Sympathetic refurbishment. An estate agent’s cliché? Maybe. To us, restoring some period character to our home was an essential element of our architect’s brief. My business brain leads the way, backed up with enough cumulative research to support the notion that ‘Character adds Value.’ It is, however, my fascination with the human history of the house, which has delivered the clues to its architectural past. In turn, this has revealed some surprising details, which otherwise would have remained buried beneath the concrete.
Perhaps it is best for me to start with The Windows as promised. When we first viewed the house we could have considered the incongruity of the 1970’s aluminium-framed, double glazing to be an eyesore; instead we saw it as an opportunity to bring the house back to life. Replacing the windows with a characterful selection was the obvious first step to recreating a period feel. Identifying which period was not so obvious. ‘Hold on a minute!’ I hear you say, ‘Didn’t the agent’s particulars or the survey give a clear indication of the property’s age?’ Of course, yes, but it was only approximate. c1910. At this stage I should add we were aware that ours was only part of a much larger, extended house, which at some point had been split into three dwellings. Unfortunately I couldn’t even take our cue from the neighbouring buildings. All three houses are distinctly different, the windows being no exception. Armed with the sketchiest of details and with Sherlock Holmes-like determination, I headed off to our local county archives to hunt for answers. An extremely helpful archivist explained that the most effective approach was to search for the living history of the previous occupants. Combined with Ordinance Survey maps, which would narrow down the changes to the footprint, I might be able to identify in which year the alterations had been made. After several hours of leafing through the equivalent of today’s electoral role, I was only able to conclude that the original property, ‘Highfield Cottage’, had been extended sometime between 1924 and 1937 and had not yet been subdivided at that date. I had two options: to continue with the longwinded, logical Watson investigation or take a Sherlock shortcut. Life being difficult enough as it is, I plumped for the shortcut, placing an advertisement in our parish chronicle.
Entitled: Uncovering the Past – Can you help? I appealed for information, summarised my findings and included the following history:
“I know that it was part of the Highfield Hall estate owned by Charles Morris, which is rumoured to have housed Charles’ sister and then stable-hands for the horses on the estate. Following this it was owned by the Health Authority. I believe it was used as nurses’ accommodation for the Hill End/ Cell Barnes hospitals during the Second World War and beyond. It became privately owned in 1986, sold to one of the hospital managers who was living here at the time.”
I waited for a response, fearing that I may need to return to the archives and continue my painstaking trawl through the records; a dreary prospect. Decisions about the windows were looming. Our architect seeming to dismiss my quest for authenticity in place of practicality, was pressing us for an answer. Then remarkably one Saturday, having just arrived at our local supermarket for the weekly shop, I received an intriguing call. Unusually for me, despite the unfamiliar number I answered. It was Mrs R. Fortuitously her sister, who still lives in the parish, had read my appeal and correctly identified our house as Mrs R’s former family home. I was delighted. Mrs R promised to visit with her sister. They would ‘bring photographs and fill in as many blanks as possible’. As a by-the-way, she corrected some of my assumptions as hearsay, clarifying, for example, that there was no such link with Cell Barnes. The brief conversation ended with her final revelation. In her early days at the house, when her daughter was a crawling baby, there had been dreadful problems with the drains. The foul stench had caused them great concern and prompted her husband to contact the landlord to resolve the problem. Mrs R was convinced it was a sewerage issue. Mr R suspected otherwise and insisted that The Well in the backyard be capped and sealed. It transpired that Mrs R had been right. That a cracked pipe had been the culprit. By then the well was just a patch of concrete. Previously oblivious to its existence, I realised this kind of discovery was not unexpected in an old property. Better that we know it now. Undoubtedly more hidden quirks will be exposed during the project; contingencies have been budgeted. After all what purpose does a contingency serve if not to allow for the unknown? Excited by the prospect of finally knowing the answer to the windows question, I shared the news with the architect. It was received with a sharp intake of breath. ‘There’s no knowing what we will find until we dig.’ Unperturbed by his reaction, I embraced Mrs R’s information with enthusiasm. Sure the project is complex, but it’s not as if we didn’t know that beforehand. It is an old house. There will be issues for which we will find solutions. Complexity equals cash true, but with careful control of the purse strings we can make a home that both our family and future owners will enjoy living in, as much as Mr and Mrs R and those that came before.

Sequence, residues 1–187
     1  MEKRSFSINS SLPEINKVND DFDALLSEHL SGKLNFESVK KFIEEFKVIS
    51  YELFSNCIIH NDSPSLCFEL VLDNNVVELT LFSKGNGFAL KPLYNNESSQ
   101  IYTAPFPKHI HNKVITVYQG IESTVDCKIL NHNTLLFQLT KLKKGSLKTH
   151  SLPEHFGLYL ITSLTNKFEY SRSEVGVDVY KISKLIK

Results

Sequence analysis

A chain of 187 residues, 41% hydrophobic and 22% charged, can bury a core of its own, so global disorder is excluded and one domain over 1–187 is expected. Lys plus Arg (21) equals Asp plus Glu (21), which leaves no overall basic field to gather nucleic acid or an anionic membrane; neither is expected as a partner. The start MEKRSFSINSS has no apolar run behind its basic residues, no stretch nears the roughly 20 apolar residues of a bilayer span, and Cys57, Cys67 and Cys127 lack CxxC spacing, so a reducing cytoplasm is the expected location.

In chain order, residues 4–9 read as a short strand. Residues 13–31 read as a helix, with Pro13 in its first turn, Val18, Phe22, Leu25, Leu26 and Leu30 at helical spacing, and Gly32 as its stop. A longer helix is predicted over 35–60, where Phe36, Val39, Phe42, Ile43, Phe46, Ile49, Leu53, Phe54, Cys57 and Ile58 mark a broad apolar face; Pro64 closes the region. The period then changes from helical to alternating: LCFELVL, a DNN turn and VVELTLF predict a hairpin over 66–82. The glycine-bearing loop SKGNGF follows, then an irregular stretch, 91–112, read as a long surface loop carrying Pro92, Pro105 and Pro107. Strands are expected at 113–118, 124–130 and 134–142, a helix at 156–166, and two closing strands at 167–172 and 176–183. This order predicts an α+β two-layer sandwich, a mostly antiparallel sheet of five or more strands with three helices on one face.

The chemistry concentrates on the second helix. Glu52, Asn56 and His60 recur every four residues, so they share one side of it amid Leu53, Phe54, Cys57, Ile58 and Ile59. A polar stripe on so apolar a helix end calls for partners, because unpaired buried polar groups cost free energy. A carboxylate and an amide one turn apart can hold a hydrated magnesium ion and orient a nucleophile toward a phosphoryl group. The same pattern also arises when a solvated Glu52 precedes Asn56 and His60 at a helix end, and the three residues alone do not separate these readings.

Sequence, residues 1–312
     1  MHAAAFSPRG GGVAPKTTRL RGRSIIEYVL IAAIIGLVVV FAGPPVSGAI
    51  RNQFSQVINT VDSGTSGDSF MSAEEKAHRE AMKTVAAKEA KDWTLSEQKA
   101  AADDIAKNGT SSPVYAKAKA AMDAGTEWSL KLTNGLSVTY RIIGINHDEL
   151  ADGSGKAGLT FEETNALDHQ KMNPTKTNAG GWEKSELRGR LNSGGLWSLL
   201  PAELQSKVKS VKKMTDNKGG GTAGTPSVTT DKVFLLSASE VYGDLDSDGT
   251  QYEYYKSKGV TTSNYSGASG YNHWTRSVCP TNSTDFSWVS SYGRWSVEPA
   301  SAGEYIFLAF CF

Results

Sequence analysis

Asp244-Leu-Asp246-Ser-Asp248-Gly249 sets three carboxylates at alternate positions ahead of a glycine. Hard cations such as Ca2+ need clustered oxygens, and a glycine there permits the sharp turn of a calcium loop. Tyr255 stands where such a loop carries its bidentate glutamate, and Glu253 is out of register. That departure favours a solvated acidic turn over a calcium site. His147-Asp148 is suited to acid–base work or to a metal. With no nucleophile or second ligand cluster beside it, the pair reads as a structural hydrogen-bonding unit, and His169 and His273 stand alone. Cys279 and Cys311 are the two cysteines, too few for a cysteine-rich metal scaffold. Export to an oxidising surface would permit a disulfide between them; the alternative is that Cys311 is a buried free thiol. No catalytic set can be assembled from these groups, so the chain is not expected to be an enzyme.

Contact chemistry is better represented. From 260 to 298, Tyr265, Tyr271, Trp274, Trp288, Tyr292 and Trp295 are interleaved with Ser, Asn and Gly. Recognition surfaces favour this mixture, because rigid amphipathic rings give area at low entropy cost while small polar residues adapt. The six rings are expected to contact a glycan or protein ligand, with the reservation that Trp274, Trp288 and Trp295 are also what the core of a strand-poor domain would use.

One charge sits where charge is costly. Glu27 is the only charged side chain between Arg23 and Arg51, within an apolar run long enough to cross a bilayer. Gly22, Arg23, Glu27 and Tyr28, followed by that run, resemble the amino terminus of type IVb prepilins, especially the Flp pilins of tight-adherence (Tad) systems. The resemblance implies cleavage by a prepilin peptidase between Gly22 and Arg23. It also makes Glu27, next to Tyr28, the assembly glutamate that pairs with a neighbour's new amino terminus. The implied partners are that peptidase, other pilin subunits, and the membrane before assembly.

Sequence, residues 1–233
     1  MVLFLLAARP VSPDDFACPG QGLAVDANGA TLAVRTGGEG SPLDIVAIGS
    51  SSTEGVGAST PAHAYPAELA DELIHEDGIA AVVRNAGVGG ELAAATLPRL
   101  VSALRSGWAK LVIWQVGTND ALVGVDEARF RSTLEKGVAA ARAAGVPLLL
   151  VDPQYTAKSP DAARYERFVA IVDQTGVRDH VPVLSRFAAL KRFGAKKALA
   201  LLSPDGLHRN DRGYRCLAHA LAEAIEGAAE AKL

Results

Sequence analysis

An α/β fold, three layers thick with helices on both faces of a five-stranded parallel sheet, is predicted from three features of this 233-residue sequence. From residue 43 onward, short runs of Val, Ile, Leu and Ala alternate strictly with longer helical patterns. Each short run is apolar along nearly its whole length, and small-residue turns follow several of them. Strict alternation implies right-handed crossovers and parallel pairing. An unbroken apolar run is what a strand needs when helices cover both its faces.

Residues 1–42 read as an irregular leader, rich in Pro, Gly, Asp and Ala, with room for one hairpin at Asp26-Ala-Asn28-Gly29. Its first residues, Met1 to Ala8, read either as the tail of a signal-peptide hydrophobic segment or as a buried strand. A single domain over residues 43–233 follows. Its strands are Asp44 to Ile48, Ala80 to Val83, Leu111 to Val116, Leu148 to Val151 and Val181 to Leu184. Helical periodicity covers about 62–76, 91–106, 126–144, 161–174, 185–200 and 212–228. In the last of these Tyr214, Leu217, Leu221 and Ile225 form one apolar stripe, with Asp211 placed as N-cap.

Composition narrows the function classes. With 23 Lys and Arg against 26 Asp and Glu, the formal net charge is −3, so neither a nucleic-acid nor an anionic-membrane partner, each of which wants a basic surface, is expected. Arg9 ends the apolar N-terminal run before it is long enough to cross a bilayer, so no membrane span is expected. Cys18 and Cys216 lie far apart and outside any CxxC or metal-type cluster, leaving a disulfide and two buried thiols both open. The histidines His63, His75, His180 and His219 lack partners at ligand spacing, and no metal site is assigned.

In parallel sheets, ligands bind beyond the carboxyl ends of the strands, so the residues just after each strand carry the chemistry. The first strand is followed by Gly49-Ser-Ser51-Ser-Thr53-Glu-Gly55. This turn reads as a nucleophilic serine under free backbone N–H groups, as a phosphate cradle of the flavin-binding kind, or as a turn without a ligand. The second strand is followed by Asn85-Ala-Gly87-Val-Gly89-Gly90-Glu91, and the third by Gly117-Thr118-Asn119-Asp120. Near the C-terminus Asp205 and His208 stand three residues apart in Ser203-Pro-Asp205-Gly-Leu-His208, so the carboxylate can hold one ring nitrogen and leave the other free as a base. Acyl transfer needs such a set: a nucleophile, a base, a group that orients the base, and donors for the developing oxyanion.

And so to The Wait. It is mid-August. Mrs R is due to call with a proposed visit date once she has contacted her sister. We wait. The architect is still yet to conclude the tender process with the builders. We wait. The mortgage agreed in principle months before, has stalled in the admin centre. We wait. Eager to start shopping for fixtures and fittings we wait; without solid quotes for the build we have no way of knowing how much we can allocate towards minor items such as the Kitchen. We wait. And so must you…. Until the next instalment.